Wilson wasted little time in finding a podium. In 1980 he gathered a group of about thirty musicians to form Solisti New York, a chamber orchestra. The group worked together several more times over the next few years—including a tour of the Midwest—and in May 1983 it made its “official” New York debut at Lincoln Center. While the orchestra’s repertoire contains some fairly standard pieces for chamber orchestra, such as works by Bach, Handel, Mozart, and Vivaldi, it also includes twentieth-century pieces by Samuel Barber, Aaron Copeland, Ralph Vaughan Williams, Francis Poulenc, and Zoltan Kodaly, among others.
An advocate of contemporary music, Wilson has commissioned works by a number of composers, including Peter Schickele, Joseph Schwanter, Jean-Michel Damase, Carlos Surinach, and Deborah Drattel. Wilson has especially brought to the podium his interest in minimalism, a style of twentieth-century music in which a minimum of material is repeated to the maximum effect. Solisti New York has performed and recorded works by minimalist composers Steve Reich and John Adams in what have been billed as “Meet the Minimalists” concerts.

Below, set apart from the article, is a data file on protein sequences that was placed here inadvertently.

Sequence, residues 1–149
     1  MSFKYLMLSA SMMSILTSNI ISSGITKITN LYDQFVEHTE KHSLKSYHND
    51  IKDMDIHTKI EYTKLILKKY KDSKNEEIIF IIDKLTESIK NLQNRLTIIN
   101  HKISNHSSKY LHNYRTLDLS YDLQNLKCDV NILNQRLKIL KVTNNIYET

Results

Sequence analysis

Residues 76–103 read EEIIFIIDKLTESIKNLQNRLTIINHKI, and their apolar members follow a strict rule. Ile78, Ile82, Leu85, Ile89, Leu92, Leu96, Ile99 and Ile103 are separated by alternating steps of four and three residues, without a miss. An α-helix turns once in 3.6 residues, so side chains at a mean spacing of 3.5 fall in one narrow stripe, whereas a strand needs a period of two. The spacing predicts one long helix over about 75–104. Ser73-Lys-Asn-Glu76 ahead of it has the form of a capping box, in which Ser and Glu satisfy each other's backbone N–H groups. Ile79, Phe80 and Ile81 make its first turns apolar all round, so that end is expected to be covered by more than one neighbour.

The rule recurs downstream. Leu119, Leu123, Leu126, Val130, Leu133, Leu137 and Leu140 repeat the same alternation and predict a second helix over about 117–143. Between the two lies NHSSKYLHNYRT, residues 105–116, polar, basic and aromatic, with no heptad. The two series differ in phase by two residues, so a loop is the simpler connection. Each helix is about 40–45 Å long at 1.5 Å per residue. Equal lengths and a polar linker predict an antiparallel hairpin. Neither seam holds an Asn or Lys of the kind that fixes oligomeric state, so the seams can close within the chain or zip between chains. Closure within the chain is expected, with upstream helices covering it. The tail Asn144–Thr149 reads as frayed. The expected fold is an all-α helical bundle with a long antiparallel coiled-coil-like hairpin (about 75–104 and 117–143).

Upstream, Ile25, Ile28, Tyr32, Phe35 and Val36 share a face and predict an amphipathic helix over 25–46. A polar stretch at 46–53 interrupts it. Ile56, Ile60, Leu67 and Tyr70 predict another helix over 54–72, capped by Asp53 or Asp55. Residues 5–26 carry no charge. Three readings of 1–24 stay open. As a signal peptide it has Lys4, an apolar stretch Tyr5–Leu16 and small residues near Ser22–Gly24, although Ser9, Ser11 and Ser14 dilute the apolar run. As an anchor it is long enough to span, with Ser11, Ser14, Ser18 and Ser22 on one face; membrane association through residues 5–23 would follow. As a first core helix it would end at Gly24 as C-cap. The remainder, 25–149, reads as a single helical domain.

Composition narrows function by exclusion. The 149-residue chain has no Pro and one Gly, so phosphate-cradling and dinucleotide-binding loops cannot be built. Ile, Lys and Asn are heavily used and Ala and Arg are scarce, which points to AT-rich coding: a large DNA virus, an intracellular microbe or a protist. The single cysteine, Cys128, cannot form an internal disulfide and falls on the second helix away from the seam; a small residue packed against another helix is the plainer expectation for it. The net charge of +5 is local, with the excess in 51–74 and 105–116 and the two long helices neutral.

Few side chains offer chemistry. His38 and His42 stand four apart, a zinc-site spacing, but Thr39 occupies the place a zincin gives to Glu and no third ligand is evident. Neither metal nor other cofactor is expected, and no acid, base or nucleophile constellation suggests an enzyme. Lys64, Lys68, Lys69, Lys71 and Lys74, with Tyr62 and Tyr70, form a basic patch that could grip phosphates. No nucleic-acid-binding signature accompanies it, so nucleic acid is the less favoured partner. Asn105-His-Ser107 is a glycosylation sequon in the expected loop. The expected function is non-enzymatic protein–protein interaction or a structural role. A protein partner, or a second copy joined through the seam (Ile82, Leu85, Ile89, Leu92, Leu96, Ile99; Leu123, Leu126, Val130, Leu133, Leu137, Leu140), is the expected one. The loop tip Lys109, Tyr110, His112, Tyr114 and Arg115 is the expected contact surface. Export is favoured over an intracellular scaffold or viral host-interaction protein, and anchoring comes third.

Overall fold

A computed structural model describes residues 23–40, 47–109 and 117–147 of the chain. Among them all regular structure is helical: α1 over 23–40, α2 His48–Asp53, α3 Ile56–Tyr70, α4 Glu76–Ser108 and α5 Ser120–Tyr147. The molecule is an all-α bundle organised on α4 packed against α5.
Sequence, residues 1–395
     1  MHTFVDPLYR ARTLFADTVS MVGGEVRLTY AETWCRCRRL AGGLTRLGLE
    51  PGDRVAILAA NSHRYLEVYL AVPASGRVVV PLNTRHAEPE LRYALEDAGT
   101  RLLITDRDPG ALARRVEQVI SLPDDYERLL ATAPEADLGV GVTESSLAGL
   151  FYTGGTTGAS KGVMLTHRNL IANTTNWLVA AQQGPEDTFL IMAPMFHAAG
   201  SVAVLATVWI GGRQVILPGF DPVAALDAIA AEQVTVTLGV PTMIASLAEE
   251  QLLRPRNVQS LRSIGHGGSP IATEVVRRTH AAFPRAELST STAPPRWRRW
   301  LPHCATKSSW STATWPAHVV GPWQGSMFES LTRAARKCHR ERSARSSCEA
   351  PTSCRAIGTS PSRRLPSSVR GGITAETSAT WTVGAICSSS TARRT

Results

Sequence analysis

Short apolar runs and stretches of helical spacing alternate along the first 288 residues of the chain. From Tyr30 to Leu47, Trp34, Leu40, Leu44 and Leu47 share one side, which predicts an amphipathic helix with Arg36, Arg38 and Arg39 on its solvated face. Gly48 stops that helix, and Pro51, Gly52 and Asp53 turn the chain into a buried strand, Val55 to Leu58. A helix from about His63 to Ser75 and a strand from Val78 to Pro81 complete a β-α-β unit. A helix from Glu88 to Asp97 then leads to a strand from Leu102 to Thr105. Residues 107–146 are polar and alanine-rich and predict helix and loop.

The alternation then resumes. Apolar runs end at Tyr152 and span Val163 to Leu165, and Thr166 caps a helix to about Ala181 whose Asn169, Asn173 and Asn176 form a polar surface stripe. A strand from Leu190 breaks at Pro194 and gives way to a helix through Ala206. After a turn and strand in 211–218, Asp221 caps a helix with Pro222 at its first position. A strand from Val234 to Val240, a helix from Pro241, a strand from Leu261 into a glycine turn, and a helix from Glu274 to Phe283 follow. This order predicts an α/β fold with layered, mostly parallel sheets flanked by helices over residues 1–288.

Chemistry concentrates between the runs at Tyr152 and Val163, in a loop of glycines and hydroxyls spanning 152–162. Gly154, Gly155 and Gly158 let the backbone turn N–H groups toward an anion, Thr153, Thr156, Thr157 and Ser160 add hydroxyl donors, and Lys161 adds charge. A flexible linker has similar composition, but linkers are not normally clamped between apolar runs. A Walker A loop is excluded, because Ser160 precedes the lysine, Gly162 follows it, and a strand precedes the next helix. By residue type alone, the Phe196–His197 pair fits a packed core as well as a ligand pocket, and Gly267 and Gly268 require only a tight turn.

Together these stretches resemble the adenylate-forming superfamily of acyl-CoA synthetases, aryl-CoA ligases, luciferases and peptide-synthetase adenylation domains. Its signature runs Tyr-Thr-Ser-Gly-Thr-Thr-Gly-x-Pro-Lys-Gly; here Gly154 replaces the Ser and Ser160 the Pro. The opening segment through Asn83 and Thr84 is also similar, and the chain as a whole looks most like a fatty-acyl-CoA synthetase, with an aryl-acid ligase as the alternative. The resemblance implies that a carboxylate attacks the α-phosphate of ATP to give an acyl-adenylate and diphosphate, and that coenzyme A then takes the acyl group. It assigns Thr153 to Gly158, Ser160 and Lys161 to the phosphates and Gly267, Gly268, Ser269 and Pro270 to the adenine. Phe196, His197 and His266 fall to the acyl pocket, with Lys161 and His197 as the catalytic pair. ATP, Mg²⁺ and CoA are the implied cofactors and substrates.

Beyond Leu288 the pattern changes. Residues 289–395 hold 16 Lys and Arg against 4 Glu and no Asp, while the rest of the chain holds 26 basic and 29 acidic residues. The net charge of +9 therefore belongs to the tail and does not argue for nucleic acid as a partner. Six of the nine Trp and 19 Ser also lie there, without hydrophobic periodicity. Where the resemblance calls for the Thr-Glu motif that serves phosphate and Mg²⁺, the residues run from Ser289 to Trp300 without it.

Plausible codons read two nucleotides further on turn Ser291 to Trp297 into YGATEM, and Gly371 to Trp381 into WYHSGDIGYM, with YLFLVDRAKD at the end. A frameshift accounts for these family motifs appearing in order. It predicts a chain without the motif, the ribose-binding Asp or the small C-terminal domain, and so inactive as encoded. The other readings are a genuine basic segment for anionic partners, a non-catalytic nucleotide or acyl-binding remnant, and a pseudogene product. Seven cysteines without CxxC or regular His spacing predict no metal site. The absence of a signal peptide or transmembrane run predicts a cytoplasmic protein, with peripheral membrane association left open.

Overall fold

While many instrumentalists in the 1980s have been harshly and often justly criticized for their conducting efforts, reviews of Wilson’s work have generally been favorable. Wilson prefers to separate his conducting from solo performing for he is uncomfortable assuming both responsibilities simultaneously as was often done by the principal violin players of the eighteenth century. In addition to his formal training, Wilson credits much of his success with his ability as an instrumentalist to work well with the musicians under his baton. “I think of my role up here on the podium as akin to that of a great movie director, which is to work with an extra-ordinarily talented group of people, and to help them be seen in the best possible light,” he explained to Kozinn. “That’s a bit different from the way an autocratic conductor sees his job; but coming form the standpoint that I do, I think I have a lot more respect for the musicians than many conductors do. I prefer my time with the orchestra to be more relaxed, friendly, and productive.” Wilson welcomes orchestra members’ suggestions on tempos, dynamics, and other musical matters.